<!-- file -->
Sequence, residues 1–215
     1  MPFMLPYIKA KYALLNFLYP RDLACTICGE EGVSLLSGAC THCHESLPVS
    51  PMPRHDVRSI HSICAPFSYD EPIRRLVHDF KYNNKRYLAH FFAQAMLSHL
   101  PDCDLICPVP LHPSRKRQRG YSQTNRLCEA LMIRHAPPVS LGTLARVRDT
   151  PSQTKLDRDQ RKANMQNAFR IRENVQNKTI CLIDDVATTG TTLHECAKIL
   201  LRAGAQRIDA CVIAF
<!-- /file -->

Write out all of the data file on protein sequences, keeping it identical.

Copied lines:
Sequence, residues 1–215
     1  MPFMLPYIKA KYALLNFLYP RDLACTICGE EGVSLLSGAC THCHESLPVS
    51  PMPRHDVRSI HSICAPFSYD EPIRRLVHDF KYNNKRYLAH FFAQAMLSHL
   101  PDCDLICPVP LHPSRKRQRG YSQTNRLCEA LMIRHAPPVS LGTLARVRDT
   151  PSQTKLDRDQ RKANMQNAFR IRENVQNKTI CLIDDVATTG TTLHECAKIL
   201  LRAGAQRIDA CVIAF